By Jody Steinberg
“Life in the loop” describes a space that feels open and connected and brings visitors together, according to planning project manager Levonda Moody who recently shared this vision for Briarwood Park.
Brookhaven area residents came to discuss ideas for improving the Briarwood Recreation Center and Park, located on Briarwood Road in Brookhaven, with Moody and Martin Phillips, deputy director of Planning and Development for DeKalb Parks and Recreation.
Moody put a name to the vision shared by the handful of neighbors who pored over a dated master plan for the park at the June meeting. The plan was designed as part of a land swap between a developer and the county that gave the park a coveted street-front lot where residents have wanted to see a playground years ago.
With a lot of pointing and discussions, they reiterated their long-standing wish list for Briarwood:
• Nature trails;
• Playground and parking visible from Briarwood Road;
• A main park entrance from Briarwood Road;
• Connecting trails and walking paths across the park and into the neighborhoods;
• A gazebo area for picnics and reunions;
• Improvements to the pool, including a friendlier entrance, removing barbed wire from the fence, more seating and permanent shade structures; and
• A more inviting recreation center.
“The main priority is to attract people to this park,” said Russ Arnett, a long-term neighbor who has spent over a decade trying to see implementation of a master plan for the park that was approved by former CEO Vernon Jones but never funded.
Arnett and other Brookhaven residents recently appealed to DeKalb Commissioners Jeff Rader and Kathy Gannon to help. The commissioners earmarked $240,000 for improvements, generating a resurgence of local interest in Briarwood, which has been underused by the community because they say it is neither inviting nor open.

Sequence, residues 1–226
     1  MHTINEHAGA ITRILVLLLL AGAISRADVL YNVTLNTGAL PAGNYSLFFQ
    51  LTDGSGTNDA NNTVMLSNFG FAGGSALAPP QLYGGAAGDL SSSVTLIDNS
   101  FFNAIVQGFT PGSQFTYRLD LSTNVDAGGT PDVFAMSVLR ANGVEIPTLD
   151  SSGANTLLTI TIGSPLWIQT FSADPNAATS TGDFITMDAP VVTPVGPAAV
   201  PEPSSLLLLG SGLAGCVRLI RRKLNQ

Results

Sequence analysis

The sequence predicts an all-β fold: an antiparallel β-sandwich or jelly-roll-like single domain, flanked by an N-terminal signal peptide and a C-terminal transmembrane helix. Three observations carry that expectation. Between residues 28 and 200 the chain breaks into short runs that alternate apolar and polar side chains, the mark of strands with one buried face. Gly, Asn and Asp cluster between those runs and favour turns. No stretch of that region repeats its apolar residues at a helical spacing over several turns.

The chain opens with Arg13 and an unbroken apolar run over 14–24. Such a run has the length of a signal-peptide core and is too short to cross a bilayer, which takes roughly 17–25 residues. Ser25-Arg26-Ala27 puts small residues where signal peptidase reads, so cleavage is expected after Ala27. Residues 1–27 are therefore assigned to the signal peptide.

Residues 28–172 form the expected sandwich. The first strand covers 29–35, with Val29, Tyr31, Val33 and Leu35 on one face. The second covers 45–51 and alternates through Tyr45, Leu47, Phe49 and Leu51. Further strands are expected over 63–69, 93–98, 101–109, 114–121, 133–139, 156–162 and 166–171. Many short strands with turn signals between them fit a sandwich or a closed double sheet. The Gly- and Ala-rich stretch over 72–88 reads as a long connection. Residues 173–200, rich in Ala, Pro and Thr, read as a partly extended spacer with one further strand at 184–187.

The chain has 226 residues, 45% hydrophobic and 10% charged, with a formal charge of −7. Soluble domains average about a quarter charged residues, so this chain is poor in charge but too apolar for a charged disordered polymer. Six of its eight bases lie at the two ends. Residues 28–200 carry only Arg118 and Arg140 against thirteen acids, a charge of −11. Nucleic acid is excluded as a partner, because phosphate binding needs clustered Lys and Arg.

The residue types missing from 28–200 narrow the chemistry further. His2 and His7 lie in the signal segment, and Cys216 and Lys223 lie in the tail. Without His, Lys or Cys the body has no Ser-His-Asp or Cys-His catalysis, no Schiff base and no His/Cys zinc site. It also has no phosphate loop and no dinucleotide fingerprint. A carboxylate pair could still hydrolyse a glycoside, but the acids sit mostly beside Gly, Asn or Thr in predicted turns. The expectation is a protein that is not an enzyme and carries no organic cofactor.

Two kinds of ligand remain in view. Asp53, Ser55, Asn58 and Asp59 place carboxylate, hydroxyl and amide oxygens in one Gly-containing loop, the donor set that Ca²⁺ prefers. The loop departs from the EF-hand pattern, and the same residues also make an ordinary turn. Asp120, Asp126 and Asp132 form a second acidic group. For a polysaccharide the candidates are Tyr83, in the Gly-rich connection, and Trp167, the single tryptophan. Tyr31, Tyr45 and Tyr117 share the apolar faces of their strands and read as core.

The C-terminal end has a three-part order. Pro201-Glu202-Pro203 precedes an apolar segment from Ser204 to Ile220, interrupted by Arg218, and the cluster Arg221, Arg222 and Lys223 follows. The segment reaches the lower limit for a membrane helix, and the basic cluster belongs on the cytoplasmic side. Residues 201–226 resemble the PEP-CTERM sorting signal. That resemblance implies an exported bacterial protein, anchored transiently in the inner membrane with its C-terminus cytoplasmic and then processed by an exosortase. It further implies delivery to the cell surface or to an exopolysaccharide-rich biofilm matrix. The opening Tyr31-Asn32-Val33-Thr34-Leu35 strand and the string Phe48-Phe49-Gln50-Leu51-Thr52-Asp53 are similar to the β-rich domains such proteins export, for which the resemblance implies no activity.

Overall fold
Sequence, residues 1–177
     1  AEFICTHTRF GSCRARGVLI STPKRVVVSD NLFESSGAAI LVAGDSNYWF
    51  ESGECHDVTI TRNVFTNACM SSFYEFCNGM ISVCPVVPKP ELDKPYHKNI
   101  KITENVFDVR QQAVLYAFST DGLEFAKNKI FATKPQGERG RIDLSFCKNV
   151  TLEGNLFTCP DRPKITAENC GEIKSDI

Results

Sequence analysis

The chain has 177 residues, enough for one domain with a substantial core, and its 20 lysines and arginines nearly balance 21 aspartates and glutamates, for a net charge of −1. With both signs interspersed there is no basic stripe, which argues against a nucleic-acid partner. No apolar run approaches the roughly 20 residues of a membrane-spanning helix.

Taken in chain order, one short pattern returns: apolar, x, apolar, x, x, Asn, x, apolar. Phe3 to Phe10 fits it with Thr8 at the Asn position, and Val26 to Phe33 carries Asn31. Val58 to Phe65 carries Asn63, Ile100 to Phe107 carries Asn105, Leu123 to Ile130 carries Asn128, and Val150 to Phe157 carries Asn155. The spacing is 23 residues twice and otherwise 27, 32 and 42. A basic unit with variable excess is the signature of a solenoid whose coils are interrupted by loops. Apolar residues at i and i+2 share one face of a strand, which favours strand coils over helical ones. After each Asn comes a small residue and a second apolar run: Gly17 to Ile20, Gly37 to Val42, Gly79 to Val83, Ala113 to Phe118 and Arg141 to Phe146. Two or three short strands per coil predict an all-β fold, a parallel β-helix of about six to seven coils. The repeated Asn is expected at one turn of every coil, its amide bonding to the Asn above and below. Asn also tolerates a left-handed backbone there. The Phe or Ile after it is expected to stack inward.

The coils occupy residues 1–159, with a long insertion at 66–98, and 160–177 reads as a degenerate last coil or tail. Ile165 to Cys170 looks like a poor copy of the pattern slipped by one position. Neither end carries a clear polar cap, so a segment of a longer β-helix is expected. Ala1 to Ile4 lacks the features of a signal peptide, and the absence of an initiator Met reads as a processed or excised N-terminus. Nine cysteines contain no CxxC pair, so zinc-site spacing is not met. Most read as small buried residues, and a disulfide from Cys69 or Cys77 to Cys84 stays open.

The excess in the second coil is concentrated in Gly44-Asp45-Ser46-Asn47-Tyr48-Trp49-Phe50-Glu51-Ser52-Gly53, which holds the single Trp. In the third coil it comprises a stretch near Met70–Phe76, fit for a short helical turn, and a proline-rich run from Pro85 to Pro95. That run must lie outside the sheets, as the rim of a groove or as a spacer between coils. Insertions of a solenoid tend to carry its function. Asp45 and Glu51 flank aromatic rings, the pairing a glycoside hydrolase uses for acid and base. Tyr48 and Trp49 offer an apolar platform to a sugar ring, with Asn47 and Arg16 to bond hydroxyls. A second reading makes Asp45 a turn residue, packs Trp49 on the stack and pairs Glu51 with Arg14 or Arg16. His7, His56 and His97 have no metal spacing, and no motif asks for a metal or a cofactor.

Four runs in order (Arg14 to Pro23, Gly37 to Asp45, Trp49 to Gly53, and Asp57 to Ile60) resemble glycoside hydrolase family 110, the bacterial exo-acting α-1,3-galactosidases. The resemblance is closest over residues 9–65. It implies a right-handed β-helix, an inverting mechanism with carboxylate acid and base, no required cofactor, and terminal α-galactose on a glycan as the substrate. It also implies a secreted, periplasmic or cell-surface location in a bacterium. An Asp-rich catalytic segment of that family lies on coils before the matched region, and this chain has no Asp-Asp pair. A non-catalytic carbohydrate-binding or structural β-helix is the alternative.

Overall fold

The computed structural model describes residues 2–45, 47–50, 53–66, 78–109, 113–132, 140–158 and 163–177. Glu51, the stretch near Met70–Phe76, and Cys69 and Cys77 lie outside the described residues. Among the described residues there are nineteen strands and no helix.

With no shade areas or seats, an awkward back entrance and barbed fencing, the pool has little to attract visitors. The playground, hidden from the street and the center, was closed for equipment hazards; the wooded areas are inaccessible and the building hasn’t been updated in decades.
A community workday in April and a visit by DeKalb CEO Burrell Ellis in May brought seldom seen crowds to the center and kicked off a series of improvements.
Planning meeting attendees saw the first changes: the playground is open; bright new picnic tables with umbrellas, chaise lounges and floating lane dividers adorn the pool deck; and after months with no leadership, the Center has an experienced interim director, Catherine Hicks. Moody reported that gym and building improvements, including new air conditioning, electrical panel, windows and flood control measures will begin soon. Those projects will consume $142,000 of the special funding, leaving $98,300 for other enhancements. But that isn’t enough to pay for new plans and a playground, much less the rest of the wish list.
As DeKalb faces austere budget cuts, new funding prospects for parks is unlikely. Briarwood improvements will take time, require new architectural plans, but mostly, they will take money that doesn’t exist in any budget.
“We lack funding, pure and simple,” Moody said, encouraging residents to get creative and increase community involvement to make it happen. “More than anything we need solutions. Put your suggestions in the form of solutions, and tell your county commissioners to support Parks and Recreation.”